Competition and procurement in the NHS: regulator to do more than just Monitor!
Monitor, the new regulator of competition and procurement in public healthcare, has now published final versions of crucial guidance on how it will interpret and enforce competition and public procurement law and regulation within the sector.
Knowledge of this guidance is of vital importance for commissioners and suppliers alike, since the way procurement and competition rules are read in an National Health Service (NHS) context will differ from their general application.
In 2012, the provision of services and supplies to the NHS came under fresh regulatory supervision in form of a new body called Monitor.
This body, (replacing its forebear, The Co-operation and Competition Panel) is now charged with overseeing the commissioning and supervision of service provision and supply too NHS Trusts and other NHS bodies.
Monitor was empowered by the Secretary of State under section 75 of the Health and Social Care Act 2012 to ensure commissioners (both at NHS Board level and in clinical commissioning groups (CCGs) follow good, efficient practice in procurement, avoid anti-competitive behaviour which adversely affects patents and promotes patient choice.
It has issued guidance on its application of the NHS (Procurement, Patient Choice and Competition) (No. 2) Regulations 2013 (Regulations), which govern these areas.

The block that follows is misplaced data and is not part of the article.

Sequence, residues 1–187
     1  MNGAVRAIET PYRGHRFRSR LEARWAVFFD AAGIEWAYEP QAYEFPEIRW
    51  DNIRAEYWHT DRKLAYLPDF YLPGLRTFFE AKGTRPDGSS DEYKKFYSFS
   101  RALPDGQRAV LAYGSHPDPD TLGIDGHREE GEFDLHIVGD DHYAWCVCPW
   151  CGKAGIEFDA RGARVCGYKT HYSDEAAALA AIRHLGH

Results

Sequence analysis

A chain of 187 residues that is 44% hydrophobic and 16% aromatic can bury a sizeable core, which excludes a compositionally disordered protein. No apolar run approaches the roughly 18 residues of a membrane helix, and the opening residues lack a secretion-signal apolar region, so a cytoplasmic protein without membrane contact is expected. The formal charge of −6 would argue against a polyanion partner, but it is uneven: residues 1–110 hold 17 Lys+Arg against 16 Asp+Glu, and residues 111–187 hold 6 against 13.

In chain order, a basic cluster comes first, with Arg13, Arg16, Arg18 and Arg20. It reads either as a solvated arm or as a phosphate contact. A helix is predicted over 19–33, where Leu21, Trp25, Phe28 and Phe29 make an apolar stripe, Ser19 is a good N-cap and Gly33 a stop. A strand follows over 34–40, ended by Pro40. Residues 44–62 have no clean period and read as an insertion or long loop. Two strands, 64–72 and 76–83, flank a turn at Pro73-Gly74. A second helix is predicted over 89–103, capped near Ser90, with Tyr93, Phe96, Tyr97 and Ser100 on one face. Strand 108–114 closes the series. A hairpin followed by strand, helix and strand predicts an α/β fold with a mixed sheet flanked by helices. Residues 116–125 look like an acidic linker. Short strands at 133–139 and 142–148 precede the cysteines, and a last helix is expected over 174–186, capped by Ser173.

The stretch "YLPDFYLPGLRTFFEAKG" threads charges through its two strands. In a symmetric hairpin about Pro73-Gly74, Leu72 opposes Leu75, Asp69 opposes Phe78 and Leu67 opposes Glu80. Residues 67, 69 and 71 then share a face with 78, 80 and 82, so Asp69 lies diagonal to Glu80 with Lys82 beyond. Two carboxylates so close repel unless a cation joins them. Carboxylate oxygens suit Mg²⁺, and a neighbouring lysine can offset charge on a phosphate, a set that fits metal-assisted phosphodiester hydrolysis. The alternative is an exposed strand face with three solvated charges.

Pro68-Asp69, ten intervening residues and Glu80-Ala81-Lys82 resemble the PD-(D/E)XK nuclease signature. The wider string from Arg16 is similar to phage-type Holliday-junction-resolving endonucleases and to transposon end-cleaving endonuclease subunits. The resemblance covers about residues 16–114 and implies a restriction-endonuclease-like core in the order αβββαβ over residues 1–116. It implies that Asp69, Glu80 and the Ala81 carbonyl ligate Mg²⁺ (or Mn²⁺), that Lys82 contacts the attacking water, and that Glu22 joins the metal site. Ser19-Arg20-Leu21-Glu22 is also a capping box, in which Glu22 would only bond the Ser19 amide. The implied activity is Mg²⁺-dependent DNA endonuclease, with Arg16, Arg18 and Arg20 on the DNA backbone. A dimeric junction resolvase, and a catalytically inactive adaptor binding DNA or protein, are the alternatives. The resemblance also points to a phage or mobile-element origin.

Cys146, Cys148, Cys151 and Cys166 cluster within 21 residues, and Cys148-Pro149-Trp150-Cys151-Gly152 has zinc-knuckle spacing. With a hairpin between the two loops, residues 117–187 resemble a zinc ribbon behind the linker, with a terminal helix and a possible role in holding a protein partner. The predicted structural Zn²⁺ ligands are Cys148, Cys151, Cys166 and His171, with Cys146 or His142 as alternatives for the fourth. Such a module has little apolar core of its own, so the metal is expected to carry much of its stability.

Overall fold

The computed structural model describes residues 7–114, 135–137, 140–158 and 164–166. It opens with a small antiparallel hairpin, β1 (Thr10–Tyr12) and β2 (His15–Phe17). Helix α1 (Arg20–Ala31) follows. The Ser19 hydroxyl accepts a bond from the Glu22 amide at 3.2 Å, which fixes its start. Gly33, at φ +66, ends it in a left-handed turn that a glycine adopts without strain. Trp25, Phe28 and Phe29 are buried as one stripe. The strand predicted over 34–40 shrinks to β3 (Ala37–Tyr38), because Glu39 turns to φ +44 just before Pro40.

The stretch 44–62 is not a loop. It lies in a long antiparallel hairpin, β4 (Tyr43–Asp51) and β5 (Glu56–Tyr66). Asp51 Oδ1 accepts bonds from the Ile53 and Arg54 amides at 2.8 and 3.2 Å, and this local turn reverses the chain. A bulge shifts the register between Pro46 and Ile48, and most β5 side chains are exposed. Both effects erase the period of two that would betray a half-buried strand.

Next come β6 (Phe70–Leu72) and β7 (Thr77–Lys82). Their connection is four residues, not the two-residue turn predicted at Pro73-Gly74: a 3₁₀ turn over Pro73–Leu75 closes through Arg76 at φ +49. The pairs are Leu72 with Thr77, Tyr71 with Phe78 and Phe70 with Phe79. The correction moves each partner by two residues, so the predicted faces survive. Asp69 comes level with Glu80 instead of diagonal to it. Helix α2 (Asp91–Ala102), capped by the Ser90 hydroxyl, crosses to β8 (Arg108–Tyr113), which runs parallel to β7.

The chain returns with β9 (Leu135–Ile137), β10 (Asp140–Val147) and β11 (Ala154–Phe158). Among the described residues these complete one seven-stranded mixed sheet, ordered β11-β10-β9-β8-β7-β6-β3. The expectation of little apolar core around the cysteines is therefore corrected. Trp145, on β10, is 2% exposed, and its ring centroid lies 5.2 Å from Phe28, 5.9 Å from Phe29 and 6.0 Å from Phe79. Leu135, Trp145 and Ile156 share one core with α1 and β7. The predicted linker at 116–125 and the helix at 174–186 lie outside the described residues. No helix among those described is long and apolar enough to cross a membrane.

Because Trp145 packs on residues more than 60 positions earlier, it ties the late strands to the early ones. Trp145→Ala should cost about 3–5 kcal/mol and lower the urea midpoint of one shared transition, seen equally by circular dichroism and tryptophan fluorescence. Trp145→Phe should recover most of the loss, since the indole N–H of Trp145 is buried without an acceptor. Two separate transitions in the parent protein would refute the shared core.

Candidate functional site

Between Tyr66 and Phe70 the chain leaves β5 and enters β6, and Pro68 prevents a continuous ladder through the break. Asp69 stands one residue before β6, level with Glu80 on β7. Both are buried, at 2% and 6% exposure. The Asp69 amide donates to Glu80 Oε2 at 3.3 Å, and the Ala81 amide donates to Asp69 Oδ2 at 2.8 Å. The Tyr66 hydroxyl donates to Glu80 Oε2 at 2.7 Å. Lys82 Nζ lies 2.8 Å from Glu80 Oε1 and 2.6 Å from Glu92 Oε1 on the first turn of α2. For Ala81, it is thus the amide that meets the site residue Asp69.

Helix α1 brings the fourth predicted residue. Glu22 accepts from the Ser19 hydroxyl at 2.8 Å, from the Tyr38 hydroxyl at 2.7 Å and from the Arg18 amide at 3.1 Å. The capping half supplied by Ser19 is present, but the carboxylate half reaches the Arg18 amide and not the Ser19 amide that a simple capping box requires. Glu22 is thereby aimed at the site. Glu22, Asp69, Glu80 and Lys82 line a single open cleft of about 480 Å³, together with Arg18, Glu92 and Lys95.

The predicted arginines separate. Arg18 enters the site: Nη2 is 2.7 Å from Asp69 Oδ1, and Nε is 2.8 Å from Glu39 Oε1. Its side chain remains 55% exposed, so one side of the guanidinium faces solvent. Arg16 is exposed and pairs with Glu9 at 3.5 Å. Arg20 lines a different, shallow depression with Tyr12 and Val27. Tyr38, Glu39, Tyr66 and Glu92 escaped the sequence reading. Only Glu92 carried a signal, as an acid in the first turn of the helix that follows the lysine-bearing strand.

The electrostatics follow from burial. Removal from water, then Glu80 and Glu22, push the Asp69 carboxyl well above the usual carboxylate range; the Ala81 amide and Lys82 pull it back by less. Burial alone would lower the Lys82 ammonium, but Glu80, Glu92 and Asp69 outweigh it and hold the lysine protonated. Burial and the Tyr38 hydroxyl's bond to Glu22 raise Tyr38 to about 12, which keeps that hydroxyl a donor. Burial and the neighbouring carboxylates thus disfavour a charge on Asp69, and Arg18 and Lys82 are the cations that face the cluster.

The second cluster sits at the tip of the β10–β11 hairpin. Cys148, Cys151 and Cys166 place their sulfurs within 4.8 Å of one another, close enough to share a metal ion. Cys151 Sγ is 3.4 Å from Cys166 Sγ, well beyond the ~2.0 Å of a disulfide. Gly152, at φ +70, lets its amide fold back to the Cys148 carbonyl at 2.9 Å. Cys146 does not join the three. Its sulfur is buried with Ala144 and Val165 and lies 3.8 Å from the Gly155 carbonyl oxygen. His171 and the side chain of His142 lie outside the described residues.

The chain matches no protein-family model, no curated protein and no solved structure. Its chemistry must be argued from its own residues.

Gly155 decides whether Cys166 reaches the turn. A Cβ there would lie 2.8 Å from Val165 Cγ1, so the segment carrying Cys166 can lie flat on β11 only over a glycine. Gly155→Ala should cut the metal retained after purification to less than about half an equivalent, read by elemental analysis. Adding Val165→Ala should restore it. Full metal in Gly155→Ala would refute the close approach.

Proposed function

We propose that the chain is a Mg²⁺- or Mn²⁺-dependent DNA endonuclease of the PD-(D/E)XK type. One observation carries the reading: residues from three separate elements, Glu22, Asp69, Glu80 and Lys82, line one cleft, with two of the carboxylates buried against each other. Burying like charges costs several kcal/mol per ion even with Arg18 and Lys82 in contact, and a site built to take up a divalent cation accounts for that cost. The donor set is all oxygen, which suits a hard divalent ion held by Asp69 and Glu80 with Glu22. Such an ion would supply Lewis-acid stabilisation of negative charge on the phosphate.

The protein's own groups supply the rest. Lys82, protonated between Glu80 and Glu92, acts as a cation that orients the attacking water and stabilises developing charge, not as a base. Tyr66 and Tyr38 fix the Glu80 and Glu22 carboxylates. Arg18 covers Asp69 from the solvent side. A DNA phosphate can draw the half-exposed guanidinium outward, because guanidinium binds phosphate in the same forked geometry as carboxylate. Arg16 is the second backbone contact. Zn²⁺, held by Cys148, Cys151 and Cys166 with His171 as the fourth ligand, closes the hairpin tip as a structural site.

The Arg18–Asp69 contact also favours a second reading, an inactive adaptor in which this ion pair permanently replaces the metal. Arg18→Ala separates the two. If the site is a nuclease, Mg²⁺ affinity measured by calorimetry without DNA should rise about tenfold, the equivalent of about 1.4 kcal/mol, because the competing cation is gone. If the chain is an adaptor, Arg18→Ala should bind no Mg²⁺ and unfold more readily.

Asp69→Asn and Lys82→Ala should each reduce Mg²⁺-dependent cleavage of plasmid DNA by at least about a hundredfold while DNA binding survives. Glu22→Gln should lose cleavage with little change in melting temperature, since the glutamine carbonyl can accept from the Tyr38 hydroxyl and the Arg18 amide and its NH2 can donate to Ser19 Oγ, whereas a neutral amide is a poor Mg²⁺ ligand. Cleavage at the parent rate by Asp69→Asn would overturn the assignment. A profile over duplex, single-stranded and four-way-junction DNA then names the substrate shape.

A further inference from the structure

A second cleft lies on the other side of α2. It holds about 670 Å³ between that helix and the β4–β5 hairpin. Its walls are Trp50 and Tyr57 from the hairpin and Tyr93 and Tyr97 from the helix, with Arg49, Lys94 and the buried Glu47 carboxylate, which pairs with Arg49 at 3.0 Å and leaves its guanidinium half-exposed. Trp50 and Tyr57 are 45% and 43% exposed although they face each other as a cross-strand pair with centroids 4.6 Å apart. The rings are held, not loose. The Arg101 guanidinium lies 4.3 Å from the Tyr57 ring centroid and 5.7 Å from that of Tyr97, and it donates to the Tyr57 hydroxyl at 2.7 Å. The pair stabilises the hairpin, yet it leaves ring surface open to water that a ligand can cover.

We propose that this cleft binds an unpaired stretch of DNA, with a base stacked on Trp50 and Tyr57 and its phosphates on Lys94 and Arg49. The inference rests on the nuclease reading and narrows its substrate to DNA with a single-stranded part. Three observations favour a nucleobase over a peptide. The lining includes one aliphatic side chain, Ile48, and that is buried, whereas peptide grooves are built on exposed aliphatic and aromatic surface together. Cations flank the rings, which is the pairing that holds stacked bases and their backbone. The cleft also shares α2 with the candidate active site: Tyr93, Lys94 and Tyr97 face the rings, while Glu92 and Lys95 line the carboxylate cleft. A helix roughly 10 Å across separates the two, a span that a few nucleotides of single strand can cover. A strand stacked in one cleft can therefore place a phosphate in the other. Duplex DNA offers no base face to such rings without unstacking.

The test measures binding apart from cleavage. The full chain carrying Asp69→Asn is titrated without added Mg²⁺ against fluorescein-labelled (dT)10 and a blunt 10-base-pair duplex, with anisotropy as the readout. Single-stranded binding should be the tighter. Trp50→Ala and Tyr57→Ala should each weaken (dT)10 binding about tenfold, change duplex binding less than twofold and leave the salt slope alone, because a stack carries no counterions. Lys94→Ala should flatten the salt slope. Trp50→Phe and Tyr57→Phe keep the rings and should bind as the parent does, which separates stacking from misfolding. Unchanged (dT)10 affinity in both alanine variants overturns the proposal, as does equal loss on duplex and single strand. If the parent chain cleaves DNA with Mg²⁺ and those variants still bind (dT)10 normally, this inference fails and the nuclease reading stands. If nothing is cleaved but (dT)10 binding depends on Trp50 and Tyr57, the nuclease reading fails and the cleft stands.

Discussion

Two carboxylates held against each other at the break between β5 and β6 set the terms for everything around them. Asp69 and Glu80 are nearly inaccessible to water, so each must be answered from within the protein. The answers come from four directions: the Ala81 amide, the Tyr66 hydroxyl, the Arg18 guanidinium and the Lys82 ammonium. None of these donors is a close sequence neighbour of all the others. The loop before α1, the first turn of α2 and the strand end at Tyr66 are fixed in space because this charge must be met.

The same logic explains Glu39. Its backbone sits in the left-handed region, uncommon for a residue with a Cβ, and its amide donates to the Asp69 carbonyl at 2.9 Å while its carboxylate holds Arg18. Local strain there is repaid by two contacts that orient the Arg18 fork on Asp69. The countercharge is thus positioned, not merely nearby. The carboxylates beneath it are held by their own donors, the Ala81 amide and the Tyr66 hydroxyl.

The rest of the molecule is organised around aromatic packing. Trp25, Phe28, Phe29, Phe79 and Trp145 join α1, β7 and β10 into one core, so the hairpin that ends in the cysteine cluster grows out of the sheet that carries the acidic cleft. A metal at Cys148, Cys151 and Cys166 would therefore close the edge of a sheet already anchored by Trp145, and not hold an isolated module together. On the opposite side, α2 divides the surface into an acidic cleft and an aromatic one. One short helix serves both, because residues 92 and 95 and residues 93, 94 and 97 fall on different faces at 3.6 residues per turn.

Bearing Monitor's overriding statutory objectives in mind one can appreciate how, in an NHS context, the monitoring and enforcement of competition and procurement principles must be carried out through the nexus of ensuring patients have access to the best quality of treatment and care and appropriate choice when accessing treatments.
This balancing act, of care against competition, is the fundamental exercise Monitor is charged with in carrying out its functions and is manifested in the following key aspects of the two central pieces of guidance it has published:
This covers Monitor's investigation and enforcement powers, when and on what basis if should take formal or informal action and the cost-benefit analysis is must carry out when considering what action to take:
- monitor's primary consideration will be what difference any proposed action can make for users of health-care services
- it can decide whether or not action is appropriate based on its anticipated level of impact as against the resources required (and available) to pursue it
- in relation to prioritisation, revised principles issued by Monitor state that whilst commissioning priorities will be taken into account in each case, so will any complaints about which services (and in what order of priority) are being reviewed pursuant to the relevant commissioner's current plans
- commissioner will not necessarily be required to conduct a competition tender process or have such a process as the default procedure - a tender process may be appropriate in the circumstances but will not be required if it would divert resources and attention away from timely, effective provision of services to patients